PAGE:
The legislative powers of the police to stop individuals
The function of the police, detailed in the Police Act (Politiloven) includes preventive responsibilities to ensure public order. Chapter 73 (§§793-800) of The Administration of Justice Act (Retsplejeloven) authorises them to stop and search citizens where they have a “reasonable reason for suspicion” that the citizen has violated a law which is subject to public prosecution. It is not specified “reasonable reason for suspicion”, but it can include suspicious behaviour, possession of items associated with crime and stops of vehicles. There is a legal distinction between searching a vehicle, residence or other premises and bags and the search of a person and their clothing. According to the law, this is referred to as bodily intervention (Retsplejeloven, Chapter 72, §§792-792f). This chapter also distinguishes between the inspection of the body’s exterior and the examination of the body’s interior. Furthermore, traffic legislation gives authority to stop and search a driver as well as a vehicle, to check the registration or to collect saliva samples if there is a suspicion of alcohol or drugs in the blood. Since 2004, it has been possible for the police to establish visitation (or search) zones in certain areas for a specified period of time (see Politiloven §6 and the comments to Law no. 159, section 22.214.171.124, 2003-04). These zones are authorised by the chief of police, though for a reasonable purpose and, for example, to violent prevent crime. In these zones, the police have authority to make random searches without “reasonable reason for suspicion”. They can search the body, people’s belongings, vehicles and other objects in the search for weapons and explosives. The principle of proportionality is an overarching legal concept governing the use of police powers to ensure the fundamental freedom of the individual (see Retssikkerhedsloven, Chapters 2 and 3). According to Retssikkerhedsloven §2, the principle is described as: “enforcement measures may be used only if less restrictive measures are insufficient and if the intervention is commensurate with the purpose of the intervention”. There must be no discrepancy between, on the one hand, the interventions and the disadvantage to the citizen and, on the other hand, the considerations and objectives (for the investigation) that require the intervention.
The obligation to register stops
The police are obliged to record everything regarding general data capture and the processing of personal data in the Police Case Management System (Politiets Sagsstyringssystem, POLSAS). This also applies to stop and search occurrences. They record the time, place and circumstances in which the stop and search took place. POLSAS is a national database of police work and is an important digital tool for both the police and for citizens, if the citizens subsequently wishes to make a complaint about the stop and search.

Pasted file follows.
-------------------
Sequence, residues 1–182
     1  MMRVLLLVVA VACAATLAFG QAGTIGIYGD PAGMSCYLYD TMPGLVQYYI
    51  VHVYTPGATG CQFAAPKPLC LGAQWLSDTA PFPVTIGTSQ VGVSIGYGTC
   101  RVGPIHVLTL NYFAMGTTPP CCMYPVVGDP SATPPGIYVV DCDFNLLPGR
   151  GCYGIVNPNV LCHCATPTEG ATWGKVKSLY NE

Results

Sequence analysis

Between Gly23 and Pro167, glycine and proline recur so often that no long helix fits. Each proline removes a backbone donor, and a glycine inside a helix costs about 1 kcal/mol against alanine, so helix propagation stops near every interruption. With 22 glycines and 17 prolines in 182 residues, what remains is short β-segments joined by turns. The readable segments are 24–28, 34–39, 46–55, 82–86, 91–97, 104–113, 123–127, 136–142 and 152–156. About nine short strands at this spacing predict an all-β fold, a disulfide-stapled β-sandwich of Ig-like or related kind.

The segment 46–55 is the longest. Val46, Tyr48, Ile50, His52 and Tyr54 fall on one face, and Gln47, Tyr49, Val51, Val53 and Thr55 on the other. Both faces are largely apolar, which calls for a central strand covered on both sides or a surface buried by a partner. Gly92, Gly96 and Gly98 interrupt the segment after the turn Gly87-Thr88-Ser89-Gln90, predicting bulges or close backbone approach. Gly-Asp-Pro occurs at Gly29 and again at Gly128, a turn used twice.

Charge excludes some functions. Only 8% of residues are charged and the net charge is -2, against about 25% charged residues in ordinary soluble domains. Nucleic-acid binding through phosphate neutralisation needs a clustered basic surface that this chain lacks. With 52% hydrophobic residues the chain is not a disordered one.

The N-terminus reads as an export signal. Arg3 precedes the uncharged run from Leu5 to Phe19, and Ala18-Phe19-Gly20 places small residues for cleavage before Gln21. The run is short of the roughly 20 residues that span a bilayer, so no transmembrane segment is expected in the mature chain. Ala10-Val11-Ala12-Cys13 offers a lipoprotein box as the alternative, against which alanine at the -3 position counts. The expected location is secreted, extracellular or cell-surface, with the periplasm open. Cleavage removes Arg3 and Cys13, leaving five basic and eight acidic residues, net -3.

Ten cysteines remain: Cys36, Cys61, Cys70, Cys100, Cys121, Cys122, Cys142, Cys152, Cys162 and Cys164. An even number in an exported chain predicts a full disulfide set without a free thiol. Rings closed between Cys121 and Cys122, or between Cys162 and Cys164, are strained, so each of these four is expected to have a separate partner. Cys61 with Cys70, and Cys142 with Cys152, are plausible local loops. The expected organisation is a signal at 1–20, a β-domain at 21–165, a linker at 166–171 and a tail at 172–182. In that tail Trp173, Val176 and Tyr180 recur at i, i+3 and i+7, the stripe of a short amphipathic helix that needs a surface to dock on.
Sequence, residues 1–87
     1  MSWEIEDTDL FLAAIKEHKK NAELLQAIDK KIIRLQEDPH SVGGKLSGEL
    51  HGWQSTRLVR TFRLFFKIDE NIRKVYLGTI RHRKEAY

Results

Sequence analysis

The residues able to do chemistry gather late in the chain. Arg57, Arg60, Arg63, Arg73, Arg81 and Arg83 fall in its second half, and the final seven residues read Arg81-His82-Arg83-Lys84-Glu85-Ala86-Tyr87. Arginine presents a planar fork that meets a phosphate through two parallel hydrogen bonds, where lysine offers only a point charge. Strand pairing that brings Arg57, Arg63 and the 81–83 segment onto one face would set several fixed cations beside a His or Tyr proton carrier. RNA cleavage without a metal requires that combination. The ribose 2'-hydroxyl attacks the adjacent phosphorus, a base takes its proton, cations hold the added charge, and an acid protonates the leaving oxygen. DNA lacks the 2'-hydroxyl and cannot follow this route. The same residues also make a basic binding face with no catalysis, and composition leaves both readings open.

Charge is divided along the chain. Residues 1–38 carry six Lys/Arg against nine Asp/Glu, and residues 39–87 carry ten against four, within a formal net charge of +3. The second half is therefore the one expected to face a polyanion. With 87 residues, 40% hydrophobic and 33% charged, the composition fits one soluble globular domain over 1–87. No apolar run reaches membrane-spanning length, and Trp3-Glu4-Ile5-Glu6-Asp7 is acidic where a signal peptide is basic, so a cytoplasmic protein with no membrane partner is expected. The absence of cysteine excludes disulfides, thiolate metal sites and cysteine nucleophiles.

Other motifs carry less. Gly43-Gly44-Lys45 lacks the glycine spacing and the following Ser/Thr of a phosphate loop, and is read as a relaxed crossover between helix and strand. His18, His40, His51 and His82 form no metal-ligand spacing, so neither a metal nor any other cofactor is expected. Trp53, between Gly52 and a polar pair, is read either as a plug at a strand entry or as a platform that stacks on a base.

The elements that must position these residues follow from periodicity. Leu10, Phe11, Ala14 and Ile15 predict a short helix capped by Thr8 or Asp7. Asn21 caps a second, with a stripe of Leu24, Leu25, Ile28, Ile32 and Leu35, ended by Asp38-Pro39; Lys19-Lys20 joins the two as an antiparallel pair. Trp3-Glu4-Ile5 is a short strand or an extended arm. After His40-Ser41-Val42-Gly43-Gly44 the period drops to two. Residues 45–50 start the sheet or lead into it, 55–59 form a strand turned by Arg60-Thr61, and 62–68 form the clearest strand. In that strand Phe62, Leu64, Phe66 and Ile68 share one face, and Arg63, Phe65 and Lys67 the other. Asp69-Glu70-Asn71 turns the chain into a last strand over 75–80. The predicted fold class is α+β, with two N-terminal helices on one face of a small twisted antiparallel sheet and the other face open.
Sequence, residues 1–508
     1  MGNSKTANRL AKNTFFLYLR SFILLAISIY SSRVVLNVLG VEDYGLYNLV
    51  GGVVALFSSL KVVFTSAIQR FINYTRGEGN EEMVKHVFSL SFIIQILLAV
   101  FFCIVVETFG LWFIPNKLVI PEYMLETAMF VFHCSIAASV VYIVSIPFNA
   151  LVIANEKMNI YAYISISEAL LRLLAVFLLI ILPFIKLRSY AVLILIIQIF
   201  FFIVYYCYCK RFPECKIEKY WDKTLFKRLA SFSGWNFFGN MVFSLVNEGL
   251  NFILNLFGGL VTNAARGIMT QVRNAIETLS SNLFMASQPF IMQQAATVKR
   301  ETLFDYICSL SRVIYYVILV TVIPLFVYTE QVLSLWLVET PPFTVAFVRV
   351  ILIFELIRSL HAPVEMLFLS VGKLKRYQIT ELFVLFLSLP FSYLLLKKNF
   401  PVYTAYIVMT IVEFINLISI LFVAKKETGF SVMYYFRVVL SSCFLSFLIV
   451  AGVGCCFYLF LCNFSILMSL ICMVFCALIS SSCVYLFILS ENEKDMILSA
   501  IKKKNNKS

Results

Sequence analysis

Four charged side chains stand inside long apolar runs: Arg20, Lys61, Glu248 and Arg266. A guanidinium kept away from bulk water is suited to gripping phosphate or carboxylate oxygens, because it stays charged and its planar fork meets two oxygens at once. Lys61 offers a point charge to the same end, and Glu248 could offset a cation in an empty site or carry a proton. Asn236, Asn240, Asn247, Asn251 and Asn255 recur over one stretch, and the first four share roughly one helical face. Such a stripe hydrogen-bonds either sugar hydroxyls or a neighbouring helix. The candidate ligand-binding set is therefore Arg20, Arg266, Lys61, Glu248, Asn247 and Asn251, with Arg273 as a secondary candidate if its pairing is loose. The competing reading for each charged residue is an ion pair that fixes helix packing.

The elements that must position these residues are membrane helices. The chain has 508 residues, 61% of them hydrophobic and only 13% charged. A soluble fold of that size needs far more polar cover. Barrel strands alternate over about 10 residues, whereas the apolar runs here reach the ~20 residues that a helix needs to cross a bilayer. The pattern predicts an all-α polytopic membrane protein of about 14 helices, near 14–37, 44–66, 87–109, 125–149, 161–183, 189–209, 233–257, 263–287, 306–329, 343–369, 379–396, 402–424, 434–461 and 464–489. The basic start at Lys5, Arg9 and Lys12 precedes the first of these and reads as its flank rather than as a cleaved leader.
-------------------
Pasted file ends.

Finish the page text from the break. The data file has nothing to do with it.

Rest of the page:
Legislation procedures which protect citizens from police offences
Police officers need to address a violation of the law, otherwise they do not have the legal authority to stop and search (except within visitation zones—see above). When stopped, the citizen is only obliged to state his/her full name, date of birth and address (Retsplejeloven, §750). If s/he refuses to do so, s/he may receive a fine. The police cannot demand an explanation during the stop. Also, §752 says that the citizen must be aware of the charges, so s/he can consider whether or not to make a statement. The citizen must be informed of their rights and this is noted in the police report. Thus, this creates a record in case of possible prosecution or complaint.
There are different ways to complain:
- about an arrest. This is defined as a dispositions complaint. The police will handle the case via either the National Police (Rigspolitiet) or the Public Prosecutor (Statsadvokaten);
- about an officer’s behavior and unnecessary use of force. The Independent Police Prosecutor (Den uafhængige Politianklagemyndighed) will investigate it. The case can result in a warning or advice about the police officer’s conduct, unless there is a basis for criminal proceedings, in which case it is passed to the Public Prosecutor. If the prosecutor will not plea for trial, it is possible to pass the case to the Attorney General.
- about police behavior in a traffic stop, this can be addressed to the Independent Police Prosecutor.
Retsplejeloven §§108-109 describes how the different agencies are organized in relation to complaints, while §§118-119 describes the authorities and powers of the Independent Public Prosecutor. Thus, in Denmark, in case of disposition complaints, the respective police district receives and processes the complainants while the remaining complaints are received and processed by an independent agency.